The U.S. spends more than $5 million a day to detain immigrants, an estimated 45 percent of which have no criminal record according the Human Rights Watch. That equates to roughly $164 per day per detainee and roughly $2 billion per year. Utilizing more cost-effective and secure alternatives could cost as little as 30 cents to $14 per day.

Rep. Quigley has been a staunch advocate of comprehensive immigration reform and humane detention policies throughout his time in Congress. He has pushed Congress to pass a pathway to citizenship for millions of undocumented immigrants and fix America’s broken immigration system that unnecessarily tears families apart, disrupts the workforce and drains economic resources.


What is the Criminal Alien Requirement?

Report Shows Federal Bureau of Prisons Incentivizes Mistreatment, Shields Immigrant Prisons from Scrutiny

Today the American Civil Liberties Union and the ACLU of Texas released the report Warehoused and Forgotten: Immigrants Trapped in Our Shadow Private Prison Industry, a devastating look into the secretive “Criminal Alien Requirement” or “CAR” prisons for immigrants. In a four-year investigation of five CAR prisons in Texas, our researchers found pervasive and disturbing patterns of neglect and abuse of the prisoners–all non-citizens, most of whom have been convicted only of immigration offenses (such as unlawfully reentering the country).

“At the CAR prisons we investigated, the prisoners lived day to day not knowing if their basic human needs would be met, whether they would get medical attention if they were hurt or ill,” said Carl Takei, Staff Attorney at the ACLU’s National Prison Project. “The Bureau of Prisons creates perverse incentives for the for-profit prison companies to endanger human health and lives.”

In total, the 13 CAR prisons across the country hold more than 25,000 immigrants. Terri Burke, executive director of the ACLU of Texas, noted, “Every year we lock away tens of thousands of immigrants simply for unlawfully crossing the border. Why waste hundreds of millions in taxpayer dollars on inhumane prisons when we could use civil proceedings to process these cases? The CAR prisons come with a moral and economic price tag we can’t afford.”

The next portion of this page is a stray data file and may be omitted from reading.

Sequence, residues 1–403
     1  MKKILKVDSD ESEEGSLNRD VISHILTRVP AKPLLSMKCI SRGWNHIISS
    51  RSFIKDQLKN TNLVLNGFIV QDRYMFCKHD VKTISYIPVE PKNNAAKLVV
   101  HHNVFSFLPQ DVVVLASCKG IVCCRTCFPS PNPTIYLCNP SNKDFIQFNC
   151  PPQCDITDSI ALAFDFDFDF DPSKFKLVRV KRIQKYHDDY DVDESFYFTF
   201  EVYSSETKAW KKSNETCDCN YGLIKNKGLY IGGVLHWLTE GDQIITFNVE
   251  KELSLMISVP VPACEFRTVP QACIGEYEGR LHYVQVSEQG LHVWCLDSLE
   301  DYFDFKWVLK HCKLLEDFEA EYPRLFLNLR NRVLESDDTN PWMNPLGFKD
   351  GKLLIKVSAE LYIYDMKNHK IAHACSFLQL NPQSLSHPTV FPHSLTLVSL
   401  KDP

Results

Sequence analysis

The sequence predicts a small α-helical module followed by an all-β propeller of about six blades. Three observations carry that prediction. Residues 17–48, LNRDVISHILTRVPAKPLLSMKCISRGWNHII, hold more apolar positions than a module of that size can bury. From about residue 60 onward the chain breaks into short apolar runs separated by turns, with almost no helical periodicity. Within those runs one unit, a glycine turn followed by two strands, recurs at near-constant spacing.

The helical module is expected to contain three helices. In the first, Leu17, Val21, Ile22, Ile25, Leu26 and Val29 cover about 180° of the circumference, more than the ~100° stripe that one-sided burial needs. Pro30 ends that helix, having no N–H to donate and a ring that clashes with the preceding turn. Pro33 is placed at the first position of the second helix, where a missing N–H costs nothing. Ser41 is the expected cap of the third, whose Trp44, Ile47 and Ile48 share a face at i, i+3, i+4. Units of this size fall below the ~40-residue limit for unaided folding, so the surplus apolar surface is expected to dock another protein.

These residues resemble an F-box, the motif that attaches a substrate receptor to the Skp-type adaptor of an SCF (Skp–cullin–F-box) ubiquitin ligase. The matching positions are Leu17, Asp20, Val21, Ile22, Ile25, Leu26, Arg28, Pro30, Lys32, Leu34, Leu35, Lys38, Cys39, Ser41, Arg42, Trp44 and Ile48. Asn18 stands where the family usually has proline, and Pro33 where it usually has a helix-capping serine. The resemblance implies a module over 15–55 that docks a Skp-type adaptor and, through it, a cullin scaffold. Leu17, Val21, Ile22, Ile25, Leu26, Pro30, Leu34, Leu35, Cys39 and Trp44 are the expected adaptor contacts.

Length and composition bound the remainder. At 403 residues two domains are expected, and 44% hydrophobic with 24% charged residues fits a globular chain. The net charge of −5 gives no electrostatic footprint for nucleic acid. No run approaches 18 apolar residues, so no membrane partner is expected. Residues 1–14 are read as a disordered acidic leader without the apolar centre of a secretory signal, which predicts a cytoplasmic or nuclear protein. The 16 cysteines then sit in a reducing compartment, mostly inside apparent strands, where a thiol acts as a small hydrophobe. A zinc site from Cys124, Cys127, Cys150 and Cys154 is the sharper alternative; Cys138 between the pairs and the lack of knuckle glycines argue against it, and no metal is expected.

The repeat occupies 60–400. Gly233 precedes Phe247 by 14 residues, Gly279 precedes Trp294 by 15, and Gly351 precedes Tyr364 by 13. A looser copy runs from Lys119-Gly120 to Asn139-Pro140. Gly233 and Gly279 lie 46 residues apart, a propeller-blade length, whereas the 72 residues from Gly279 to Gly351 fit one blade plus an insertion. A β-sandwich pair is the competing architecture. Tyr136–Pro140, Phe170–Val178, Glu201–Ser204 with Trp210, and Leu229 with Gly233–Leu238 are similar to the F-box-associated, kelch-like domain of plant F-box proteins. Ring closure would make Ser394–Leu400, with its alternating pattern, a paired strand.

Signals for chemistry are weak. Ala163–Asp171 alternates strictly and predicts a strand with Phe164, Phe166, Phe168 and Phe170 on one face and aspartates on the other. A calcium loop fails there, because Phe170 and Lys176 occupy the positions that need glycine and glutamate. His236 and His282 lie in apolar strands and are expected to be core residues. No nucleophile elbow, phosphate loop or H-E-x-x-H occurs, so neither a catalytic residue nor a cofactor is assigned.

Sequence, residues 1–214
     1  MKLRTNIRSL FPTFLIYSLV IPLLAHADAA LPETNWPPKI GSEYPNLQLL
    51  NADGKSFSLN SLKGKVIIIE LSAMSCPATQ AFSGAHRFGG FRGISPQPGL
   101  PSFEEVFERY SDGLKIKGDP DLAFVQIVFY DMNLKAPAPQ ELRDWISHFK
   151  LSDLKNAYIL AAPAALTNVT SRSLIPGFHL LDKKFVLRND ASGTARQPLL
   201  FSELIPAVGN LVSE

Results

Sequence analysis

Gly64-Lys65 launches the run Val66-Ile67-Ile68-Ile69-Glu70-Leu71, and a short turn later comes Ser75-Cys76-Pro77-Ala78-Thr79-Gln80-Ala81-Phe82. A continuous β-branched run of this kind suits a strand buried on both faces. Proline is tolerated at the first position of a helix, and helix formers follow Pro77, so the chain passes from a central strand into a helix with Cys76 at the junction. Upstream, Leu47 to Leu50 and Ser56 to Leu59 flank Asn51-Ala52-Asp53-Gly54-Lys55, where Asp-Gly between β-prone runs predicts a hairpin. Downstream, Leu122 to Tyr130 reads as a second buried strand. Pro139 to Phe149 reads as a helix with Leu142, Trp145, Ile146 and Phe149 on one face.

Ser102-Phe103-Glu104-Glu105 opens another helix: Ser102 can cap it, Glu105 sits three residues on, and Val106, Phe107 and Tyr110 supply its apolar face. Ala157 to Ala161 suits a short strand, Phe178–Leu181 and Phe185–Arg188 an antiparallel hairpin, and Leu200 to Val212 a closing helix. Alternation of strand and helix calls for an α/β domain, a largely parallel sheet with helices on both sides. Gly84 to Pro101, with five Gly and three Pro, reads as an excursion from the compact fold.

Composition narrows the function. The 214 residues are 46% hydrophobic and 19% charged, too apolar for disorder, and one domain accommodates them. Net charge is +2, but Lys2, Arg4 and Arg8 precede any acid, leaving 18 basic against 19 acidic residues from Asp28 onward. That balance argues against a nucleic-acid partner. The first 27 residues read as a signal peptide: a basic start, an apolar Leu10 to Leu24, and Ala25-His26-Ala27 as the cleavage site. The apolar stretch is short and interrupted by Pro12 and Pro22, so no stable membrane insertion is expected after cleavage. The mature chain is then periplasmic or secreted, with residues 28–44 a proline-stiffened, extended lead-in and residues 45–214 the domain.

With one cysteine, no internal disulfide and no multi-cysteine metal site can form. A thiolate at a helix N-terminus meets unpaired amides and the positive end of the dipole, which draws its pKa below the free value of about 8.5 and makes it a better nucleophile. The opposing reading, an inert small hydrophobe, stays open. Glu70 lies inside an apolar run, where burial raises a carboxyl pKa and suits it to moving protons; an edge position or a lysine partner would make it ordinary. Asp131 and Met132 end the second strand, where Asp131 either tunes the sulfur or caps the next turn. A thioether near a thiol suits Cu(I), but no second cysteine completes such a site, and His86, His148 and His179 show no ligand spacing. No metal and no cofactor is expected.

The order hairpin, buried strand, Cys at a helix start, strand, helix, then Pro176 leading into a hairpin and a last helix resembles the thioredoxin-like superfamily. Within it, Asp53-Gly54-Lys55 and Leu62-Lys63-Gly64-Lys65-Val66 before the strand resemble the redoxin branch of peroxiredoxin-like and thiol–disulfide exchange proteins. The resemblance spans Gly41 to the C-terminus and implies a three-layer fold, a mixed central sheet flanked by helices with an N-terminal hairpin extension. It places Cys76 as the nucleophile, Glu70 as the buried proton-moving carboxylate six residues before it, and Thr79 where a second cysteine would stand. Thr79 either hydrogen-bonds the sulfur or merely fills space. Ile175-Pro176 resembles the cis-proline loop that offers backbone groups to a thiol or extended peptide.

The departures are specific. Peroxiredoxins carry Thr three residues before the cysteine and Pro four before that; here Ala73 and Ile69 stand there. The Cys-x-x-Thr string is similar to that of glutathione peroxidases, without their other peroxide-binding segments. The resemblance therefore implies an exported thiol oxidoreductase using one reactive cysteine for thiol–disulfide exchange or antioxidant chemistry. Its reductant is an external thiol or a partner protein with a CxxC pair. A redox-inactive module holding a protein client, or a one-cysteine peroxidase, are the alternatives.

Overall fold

The report details the relationship between each of the three companies that run them–CCA, GEO Group, and MTC–and the federal Bureau of Prisons, including the ways that the Bureau and the companies work together to cover up the prisons’ conditions.

“Ten percent of the bed space in CAR prisons is contractually reserved for extreme isolation–nearly double the rate of isolation in normal federal prisons. I spoke to prisoners who spent weeks in isolation cells after being sent there upon intake–simply arriving at prison was the reason why they were locked in a cell and fed through a slot for 23 hours a day,” said Takei. “The shameful conditions inside CAR prisons are a direct result of the government’s decision to allow suffering inside these for-profit prisons.”

In Warehoused and Forgotten: Immigrants Trapped in Our Shadow Private Prison Industry, the ACLU and the ACLU of Texas tell the stories of prisoners who have been torn from their families by the extreme distances (often 1,000 miles or more) between a CAR prison and a prisoner’s hometown and by the high phone rates the private prison companies charge for phone calls.

Among its recommendations to the federal government, the report calls on the Bureau of Prisons to strengthen oversight of CAR prisons, end the use of contractually binding occupancy quotas for CAR prisons, and stop spending taxpayer money to shield basic information about private prisons from public disclosure. It also urges the Departments of Homeland Security and Justice to return immigration enforcement to civil immigration authorities.

The report is available here:

Published on American Civil Liberties Union (